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Cognition            

Loss of cognition is one of the most insidious challenges of aging.  Those stricken may not be aware themselves that they no longer have the judgment that they once did.  The law provides that they have legal capacity until a judge finds that they lack “legal competency.”

While forgetfulness is often an early symptom, it can often escalate rapidly to cause fear.  It is frightening to lose control of one’s environment.  It is frightening to no longer be able to respond as one wishes.  It is frightening to find food choices confusing and intimidating.  These fears can mount and cause frequent anxiety attacks. 

Working with people who have diminished capacity calls for a rare fusion of compassion and understanding.  It’s no task for sensitive people.  Some who are stricken lose their sense of proportion and complain bitterly about trivia, blaming staff and others for not meeting their unarticulated needs.  Others begin to curse unreservedly and to respond violently toward those who care for them or even toward those who love them.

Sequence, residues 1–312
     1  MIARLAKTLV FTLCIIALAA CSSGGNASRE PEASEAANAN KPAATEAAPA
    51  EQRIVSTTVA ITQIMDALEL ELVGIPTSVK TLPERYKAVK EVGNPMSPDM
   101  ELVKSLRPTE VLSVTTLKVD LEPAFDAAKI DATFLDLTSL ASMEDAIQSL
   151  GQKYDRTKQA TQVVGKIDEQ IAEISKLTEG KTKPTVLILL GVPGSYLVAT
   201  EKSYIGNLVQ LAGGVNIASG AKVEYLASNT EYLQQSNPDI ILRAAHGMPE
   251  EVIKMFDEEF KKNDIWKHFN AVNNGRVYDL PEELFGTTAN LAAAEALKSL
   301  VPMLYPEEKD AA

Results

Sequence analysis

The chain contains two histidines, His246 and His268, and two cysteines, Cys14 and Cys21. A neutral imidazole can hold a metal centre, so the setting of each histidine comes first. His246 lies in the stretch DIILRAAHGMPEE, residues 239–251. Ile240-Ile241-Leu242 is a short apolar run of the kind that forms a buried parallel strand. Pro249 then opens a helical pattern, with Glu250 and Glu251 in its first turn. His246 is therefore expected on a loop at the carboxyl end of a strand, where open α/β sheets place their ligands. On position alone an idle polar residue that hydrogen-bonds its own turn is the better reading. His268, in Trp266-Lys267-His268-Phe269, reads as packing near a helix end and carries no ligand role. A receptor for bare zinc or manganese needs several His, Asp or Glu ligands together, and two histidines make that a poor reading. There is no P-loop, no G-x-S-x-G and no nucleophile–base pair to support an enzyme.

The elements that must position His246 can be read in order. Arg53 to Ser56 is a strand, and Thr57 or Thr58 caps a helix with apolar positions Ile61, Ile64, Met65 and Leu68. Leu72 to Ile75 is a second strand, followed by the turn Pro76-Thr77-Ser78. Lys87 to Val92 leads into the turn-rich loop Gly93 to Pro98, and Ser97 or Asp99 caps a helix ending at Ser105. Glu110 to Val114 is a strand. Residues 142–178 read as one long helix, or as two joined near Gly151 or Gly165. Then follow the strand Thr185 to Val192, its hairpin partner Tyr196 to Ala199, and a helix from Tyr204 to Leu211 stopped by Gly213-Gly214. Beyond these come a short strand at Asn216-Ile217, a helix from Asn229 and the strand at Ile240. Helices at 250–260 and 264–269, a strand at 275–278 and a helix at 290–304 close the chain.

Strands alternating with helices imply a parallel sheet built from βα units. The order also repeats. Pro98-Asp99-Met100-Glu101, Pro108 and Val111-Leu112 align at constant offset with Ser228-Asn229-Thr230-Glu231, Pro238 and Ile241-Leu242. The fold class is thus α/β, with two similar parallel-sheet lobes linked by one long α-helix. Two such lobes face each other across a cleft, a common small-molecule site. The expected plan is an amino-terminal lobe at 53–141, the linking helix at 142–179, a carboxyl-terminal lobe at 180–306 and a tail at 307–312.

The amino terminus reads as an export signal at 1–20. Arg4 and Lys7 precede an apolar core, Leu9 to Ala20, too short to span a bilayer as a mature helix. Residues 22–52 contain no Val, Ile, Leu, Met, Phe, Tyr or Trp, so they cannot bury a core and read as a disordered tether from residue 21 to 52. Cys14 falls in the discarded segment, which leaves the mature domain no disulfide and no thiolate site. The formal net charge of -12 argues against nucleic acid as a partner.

People who witness the loss of cognition in those they live with have needs of their own and are best served if they, too, can receive supportive counseling and respite relief.

While some vendors argue that games for the elderly can stave off cognitive decline, the evidence is inconclusive.  It appears that the best antidote is a productive, active life including the mental challenges that are a part of everyday life, i.e. the ordinary stresses of daily independent living.

 

Trying to Cope

Picture an aging person, perhaps your mother or your father, facing a move to a new home.  The future beckons brightly but this once proud matriarch or patriarch, head of a loving family, now sits forlornly fingering a minor object unable to decide whether to bring it to the new home or to leave it behind in the old. Dementia at any stage is insidious and demeaning.

Below are some materials to help those affected to come to grips with what lies ahead.

Click on the topics below to access content

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Dementia Care Case Perspective: Last Passage
   
Memory in the Aging Mind Research on Aging
Cognitive Aging: Donald M. Gragg, MD, PhD  

 

     

 

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